There are many ways to taste wine. Probably one of the least preferred methods is to pull a Miles from Sideways and chug the spit bucket. It can score points for dramatic performance, but is not likely to get you invited to Aspen Food & Wine.
Andrea Immer Robinson, master sommelier and author, is just the person to teach us how to taste wine … like a pro! It’s actually not hard and involves four steps — see, swirl, sniff, and sip — all of which she explains in this special Stark Insider TV segment.
“When you taste wine, you taste with all of your senses,” explains Andrea who hosts Daily Tastings TV. “It’s not just your taste buds.”
Even if all you have is a Dixie cup these tips will be sure to help you at your next office party, holiday gathering, or when you’re just hanging out with friends at a wine bar or a favorite restaurant.
A proper wine glass, of course, does help, and can ensure you don’t channel your inner Geico caveman (as suave as he looks in a suit). And, remember — wine snobs not allowed — just because you can taste wine like a pro doesn’t mean you can’t have fun. As a matter of fact, discussing wine, enjoying with family and friends and discovering new food pairings is all part of what makes the experience so social!
Part of the trick is to take your time. Tasting wine is about patience. I know you’re probably eager to Tweet your tasting notes el pronto, but first ensure you follow all of Andrea’s steps below to get the full joy out of your wine.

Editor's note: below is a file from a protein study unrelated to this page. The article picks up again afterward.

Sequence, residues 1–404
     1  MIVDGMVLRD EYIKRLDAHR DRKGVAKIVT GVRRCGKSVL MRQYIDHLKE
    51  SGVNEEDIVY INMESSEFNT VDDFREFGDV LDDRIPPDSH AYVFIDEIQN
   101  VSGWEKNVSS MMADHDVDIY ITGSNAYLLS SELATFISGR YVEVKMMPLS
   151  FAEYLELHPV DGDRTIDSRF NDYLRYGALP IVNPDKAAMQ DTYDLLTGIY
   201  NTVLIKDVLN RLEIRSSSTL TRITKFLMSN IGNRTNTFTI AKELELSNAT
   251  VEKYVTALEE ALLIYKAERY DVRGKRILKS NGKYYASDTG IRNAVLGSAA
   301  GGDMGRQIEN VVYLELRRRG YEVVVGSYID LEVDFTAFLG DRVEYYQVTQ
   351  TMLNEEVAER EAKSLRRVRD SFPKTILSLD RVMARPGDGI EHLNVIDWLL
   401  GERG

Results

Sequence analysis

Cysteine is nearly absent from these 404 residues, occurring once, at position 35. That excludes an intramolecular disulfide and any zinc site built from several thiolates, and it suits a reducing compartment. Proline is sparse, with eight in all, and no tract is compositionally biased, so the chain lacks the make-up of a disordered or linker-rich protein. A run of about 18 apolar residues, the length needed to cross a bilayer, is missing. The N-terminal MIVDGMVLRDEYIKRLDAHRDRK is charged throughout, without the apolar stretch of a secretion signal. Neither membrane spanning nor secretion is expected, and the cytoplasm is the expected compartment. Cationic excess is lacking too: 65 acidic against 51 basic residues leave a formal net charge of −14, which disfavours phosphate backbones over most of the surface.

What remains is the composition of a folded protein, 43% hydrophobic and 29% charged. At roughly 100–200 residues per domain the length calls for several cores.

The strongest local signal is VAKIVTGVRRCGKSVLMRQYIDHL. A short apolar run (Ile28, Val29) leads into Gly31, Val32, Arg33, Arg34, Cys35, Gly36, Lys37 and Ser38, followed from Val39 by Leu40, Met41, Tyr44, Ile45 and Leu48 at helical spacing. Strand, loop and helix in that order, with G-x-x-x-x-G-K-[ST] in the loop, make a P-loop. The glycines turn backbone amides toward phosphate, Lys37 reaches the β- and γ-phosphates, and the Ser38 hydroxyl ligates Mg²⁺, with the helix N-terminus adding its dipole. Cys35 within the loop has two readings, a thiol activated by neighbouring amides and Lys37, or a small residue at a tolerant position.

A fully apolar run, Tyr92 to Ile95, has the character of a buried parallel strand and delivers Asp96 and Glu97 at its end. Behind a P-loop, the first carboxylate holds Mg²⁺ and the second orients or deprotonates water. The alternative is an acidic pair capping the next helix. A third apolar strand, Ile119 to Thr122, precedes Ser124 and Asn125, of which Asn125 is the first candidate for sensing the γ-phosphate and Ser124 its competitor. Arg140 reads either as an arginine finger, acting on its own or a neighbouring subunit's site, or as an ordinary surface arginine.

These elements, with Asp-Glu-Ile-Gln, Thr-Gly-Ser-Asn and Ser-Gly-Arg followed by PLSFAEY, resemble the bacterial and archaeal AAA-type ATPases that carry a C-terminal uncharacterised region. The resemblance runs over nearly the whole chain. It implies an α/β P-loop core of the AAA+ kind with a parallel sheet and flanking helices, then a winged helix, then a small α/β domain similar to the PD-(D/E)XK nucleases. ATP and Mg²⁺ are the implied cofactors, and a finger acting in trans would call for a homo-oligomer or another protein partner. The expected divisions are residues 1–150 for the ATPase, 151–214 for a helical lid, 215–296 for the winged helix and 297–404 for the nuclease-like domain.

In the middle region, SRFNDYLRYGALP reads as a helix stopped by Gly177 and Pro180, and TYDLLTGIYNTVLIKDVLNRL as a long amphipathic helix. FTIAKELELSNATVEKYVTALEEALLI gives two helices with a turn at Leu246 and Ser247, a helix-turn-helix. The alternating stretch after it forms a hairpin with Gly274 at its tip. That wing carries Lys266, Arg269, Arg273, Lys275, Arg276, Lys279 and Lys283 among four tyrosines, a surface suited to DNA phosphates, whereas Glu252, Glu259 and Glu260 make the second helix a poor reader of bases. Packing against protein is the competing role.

How to taste wine (like a pro):
Wine color can tell many stories. Aside from the obvious — red or white — the density of the color can indicate a wine that is bolder or fuller. Aged wines tend to turn slightly brown over time, whereas young wines will be brighter red. There are no hard fast rules here, but a lot of understanding about a wine’s characteristics comes from studying its color. Start today, and you’ll get better over time, and appreciate the nuances in each bottle you uncork!
Swirling the wine in your glass helps aerate the wine. This helps unlock flavors and fill the headspace of the glass with aroma. This will prepare us for the next step. One of the best ways to swirl wine without splashing it all over your friend’s iPad is to hold the base of the glass and gently move it in a circular fashion on a flat surface.
Much of the taste of a wine is actually found in its smell. After the swirl, give yourself time to soak in the wonderful aromas — blackberries, peaches, tobacco, melon, vanilla — to appreciate the wine’s full potential. You’re first looking to ensure the wine is in good condition and not corked. “You may not be able to distinguish different grape varieties and styles when you first start,” says Andrea. “That’s O.K., not a big deal. You’re just looking for a style of wine you like.”
Now comes the fun part, tasting the wine. Most professionals swirl the wine around in their mouths. It can sound like a wet-dry vac sometimes. Why is it so common (and occasionally even theatrical)? Like swirling the wine in the glass (or decanting) it can help aerate the juice and unlock flavors. “It helps you appreciate all the layers of flavor,” says Andrea who suggests that you exhale through your nose after tasting. It will help give you additional details, it’s all about the olfactory nerve!
Well there you have it. Four steps to tasting wine like a pro. The best way to get better is to practice, practice, practice. When it comes to wine it’s the kind of homework you probably won’t soon tire of.
Be sure to follow Stark Insider on Facebook for the latest in food & wine.